Letter of the Week – “After playing a few very smooth and quiet bands I put on my excellent vintage copy of Aja that proceeded to destroy the Cisco.”

More of the Music of Steely Dan

Reviews and Commentaries for Aja

One of our good customers had this to say about some Hot Stampers he purchased recently:

Hey Tom,   

It’s amusing that even Golden Ears who have the attention of large readerships can miss and misunderstand so much. You don’t have to understand the technical why of the variability of LPs to appreciate just how profound the audible differences can be from stamper to stamper. Even in acknowledging that differences are present, they do not seem to appreciate the extreme degree of the variation in sound among LPs from different stampers.

As so many of us have learned from you, a “hot stamper” LP is simply in a whole different league in sound quality. A good sound system is necessary to realize just how big that difference is and the more optimized that system is the better.

Beyond the audible reality and the technical issues, it is the subject of value that is not understood or appreciated. The ability to simply find a nice playable copy of a vintage LP is a major task. So many LPs have suffered the gouging of what must have been a rusty nail used as a stylus as well as all the other sins that can be wreaked on the plastic disc. Then the incredible task of assembling enough different copies to be able to do the “shoot-out” would seem impossible.

I have, as many now may have tried, done a simple “shoot-out” of a few copies of a favorite LP. Among those I have always found the “better” of the bunch. Now and then and just by luck (since the statistics of not having enough samples was not working in my favor) I have found what must indeed be a “hot stamper). And WOW …..what a difference!

The number of times this has occurred fits on less than one hand yet when you hear an LP that has been mixed and mastered really well and then “transferred” with care and quality via an excellent stamper, there is an epiphany. Suddenly you hear what you often refer to as “master tape” sound. As I have said before, this is really a sad statement about the quality and consistency of record production throughout its history.

The “Audiophile” Half-Speed thing only piles it on top of this with the way mastering at half speed seems to extract the dynamic life and frequency response from an album in contrast to a standard copy. The logical intention that mastering at half speed would allow the cutting lathe tool to have “more time” to lay down more of the music signal just never really worked. You would think the “Golden Ears” that developed this idea would have compared the result with real-time cutting speed (not brain surgery). I never wanted all this to be the way it is and didn’t even know it until I stumbled upon Better Records one day. But it is the way it is!

There seems to be a focus on the “wear” of the stamper as the primary cause of differences in the quality of the vinyl LP. My sense is that there is much variation over time in the production of stampers regarding the audio mastering and transfer in tonal balance and especially in the degree of compression used for a specific stamper that can destroy the “life and transparency” of the sound. This has nothing to do with stamper wear or physical variation but can vary from stamper to stamper over the duration of being in print and production and in some cases, never get transferred correctly.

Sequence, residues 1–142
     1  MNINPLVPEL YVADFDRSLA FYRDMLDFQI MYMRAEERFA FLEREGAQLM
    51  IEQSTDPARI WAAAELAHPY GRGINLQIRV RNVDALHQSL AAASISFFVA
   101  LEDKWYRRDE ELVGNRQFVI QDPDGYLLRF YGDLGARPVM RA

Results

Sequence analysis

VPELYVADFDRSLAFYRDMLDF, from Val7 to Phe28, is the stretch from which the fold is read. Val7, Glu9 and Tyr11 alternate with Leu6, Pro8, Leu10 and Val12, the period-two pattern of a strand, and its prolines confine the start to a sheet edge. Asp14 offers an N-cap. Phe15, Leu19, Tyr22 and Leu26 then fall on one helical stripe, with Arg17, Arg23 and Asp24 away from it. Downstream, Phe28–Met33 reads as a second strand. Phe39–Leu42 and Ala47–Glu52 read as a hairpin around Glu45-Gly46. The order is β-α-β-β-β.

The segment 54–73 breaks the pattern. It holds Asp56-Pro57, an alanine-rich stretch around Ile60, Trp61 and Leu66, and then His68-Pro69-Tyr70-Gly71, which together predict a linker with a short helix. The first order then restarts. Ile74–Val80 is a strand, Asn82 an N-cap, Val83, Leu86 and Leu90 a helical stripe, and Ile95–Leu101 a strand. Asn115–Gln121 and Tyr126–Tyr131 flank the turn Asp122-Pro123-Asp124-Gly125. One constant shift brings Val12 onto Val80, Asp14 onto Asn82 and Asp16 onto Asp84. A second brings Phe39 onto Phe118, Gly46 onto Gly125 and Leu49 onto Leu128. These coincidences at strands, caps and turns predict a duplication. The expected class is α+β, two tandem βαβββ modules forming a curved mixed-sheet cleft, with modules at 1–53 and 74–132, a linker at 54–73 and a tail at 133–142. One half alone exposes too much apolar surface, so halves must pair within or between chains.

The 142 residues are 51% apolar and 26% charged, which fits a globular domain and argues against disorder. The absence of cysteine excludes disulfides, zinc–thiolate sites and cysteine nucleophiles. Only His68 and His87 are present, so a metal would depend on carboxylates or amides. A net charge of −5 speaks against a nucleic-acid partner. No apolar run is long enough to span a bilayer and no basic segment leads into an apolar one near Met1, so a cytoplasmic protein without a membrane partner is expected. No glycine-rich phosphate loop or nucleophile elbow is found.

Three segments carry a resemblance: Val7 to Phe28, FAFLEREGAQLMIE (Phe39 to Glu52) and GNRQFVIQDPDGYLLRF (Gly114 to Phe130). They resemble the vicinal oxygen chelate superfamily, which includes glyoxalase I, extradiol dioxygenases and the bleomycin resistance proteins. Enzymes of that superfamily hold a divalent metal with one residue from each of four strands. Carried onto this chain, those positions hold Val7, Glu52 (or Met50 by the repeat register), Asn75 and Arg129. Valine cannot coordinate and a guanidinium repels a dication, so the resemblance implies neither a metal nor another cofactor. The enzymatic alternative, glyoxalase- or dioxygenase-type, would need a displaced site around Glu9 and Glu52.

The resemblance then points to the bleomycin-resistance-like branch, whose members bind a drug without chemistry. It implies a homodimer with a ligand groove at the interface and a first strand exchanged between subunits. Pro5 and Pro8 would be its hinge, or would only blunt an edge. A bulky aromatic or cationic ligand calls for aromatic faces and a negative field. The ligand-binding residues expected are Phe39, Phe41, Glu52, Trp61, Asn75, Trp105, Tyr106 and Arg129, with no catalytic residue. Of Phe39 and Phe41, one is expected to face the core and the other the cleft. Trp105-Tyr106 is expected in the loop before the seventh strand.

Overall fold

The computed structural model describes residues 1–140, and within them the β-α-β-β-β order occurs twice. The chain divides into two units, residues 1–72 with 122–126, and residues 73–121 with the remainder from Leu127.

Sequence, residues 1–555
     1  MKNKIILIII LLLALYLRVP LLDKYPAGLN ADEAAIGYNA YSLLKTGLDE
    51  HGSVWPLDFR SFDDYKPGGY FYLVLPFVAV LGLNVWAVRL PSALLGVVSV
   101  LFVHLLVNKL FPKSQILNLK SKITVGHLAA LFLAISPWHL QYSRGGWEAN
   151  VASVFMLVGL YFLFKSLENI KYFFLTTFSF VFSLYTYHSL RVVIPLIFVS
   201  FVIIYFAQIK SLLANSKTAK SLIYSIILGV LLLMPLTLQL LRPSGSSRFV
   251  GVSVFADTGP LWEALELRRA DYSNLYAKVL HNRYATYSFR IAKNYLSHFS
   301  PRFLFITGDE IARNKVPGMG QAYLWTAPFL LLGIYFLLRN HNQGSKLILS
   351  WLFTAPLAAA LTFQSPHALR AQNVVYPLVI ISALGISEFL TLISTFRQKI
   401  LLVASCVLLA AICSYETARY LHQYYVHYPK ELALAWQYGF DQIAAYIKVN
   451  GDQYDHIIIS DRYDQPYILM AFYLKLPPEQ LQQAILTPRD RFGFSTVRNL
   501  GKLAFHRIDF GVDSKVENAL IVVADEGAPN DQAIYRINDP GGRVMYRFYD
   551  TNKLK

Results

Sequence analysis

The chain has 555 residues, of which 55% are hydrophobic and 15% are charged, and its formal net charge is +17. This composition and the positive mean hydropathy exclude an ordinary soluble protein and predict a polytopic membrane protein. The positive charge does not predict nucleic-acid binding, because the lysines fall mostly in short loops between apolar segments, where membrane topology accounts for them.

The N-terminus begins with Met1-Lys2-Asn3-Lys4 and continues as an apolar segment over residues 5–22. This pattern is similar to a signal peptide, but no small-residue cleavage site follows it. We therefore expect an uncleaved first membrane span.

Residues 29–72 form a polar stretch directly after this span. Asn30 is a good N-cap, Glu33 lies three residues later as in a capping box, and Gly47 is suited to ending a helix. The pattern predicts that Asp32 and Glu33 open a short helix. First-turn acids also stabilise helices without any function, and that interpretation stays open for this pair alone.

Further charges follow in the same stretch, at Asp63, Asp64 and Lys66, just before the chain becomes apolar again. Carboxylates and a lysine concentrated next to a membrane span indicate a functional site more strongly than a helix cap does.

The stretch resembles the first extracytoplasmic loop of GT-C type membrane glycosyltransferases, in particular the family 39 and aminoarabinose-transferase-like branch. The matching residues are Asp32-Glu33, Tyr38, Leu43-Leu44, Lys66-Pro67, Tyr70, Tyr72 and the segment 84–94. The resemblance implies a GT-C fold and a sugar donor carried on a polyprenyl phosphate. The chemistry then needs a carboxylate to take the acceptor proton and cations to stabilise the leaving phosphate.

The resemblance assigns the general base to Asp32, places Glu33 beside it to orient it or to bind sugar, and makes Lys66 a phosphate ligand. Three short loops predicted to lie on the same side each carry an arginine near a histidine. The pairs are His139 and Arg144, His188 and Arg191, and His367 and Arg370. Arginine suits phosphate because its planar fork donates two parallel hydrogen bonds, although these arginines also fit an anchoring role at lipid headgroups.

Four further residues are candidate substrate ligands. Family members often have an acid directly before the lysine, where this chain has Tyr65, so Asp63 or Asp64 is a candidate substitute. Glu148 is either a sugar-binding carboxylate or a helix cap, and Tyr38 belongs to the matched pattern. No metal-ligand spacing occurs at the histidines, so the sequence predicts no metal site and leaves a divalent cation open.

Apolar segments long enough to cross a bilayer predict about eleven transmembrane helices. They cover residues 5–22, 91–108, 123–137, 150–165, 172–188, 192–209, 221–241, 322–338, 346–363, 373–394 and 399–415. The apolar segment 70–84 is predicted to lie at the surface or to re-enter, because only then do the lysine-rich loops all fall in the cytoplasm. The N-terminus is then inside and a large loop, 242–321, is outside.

I purchased the new Cisco Steely Dan “Aja” album hoping it would deliver perhaps even greater sound than the original and the hype regarding the remix quality, heavy virgin vinyl, etc, etc. certainly suggested that. After playing a few very smooth and quiet bands I put on my excellent vintage copy of Aja that proceeded to destroy the Cisco. The life, dynamics and transparency were in a totally different and superb league above. I very carefully returned my now even more precious copy to its sleeve. A few dealers that sell reissues like Aja will sometimes admit this but they certainly don’t want the world to know it.

From these incredibly difficult adventures, you quickly realize that what you do at Better Records cannot be to make “outrageous” profits. It is not that everyone or even a large number of audiophiles can or want to afford many “hot stamper” LPs. It is just that they are what they are……the best examples available today for long out of print LPs that contain so much of the music we have loved and appreciate listening to today in its most glorious presentation.

The amount of time and effort necessary for you to assemble the number of hot stamper LPs and otherwise “Better Records” has to be way out of proportion to making a highly profitable income. It has to be something you just really love doing. Other dealers, albeit not many, have done a great job of assembling very minty LPs for sale and often at premium prices. NO ONE goes to the effort to actually listen, critique, and present their findings in such an effective and complete manner and with such integrity.

Are some Hot Stamper LPs worth hundreds of dollars? Based on my experience regarding the rarity and especially the playing condition combined with specific market demand relative to the rarity, I would easily conclude yes. If this were not so, these Hot Stampers would never sell. The market is the ultimate voice…

I will buy hot stampers for some of my absolutely favorite LPs and will settle for the best copies I can find for other recordings and yes, I will also know while listening to a less than Hot Stamper that there is one out there somewhere that sounds incredible, that I want it and that Tom is probably on its trail.

After spending a lifetime building a great stereo system and trying to build a great record collection, I definitely agree that “life is too short to play crappy records.”

Best regards,

Ed

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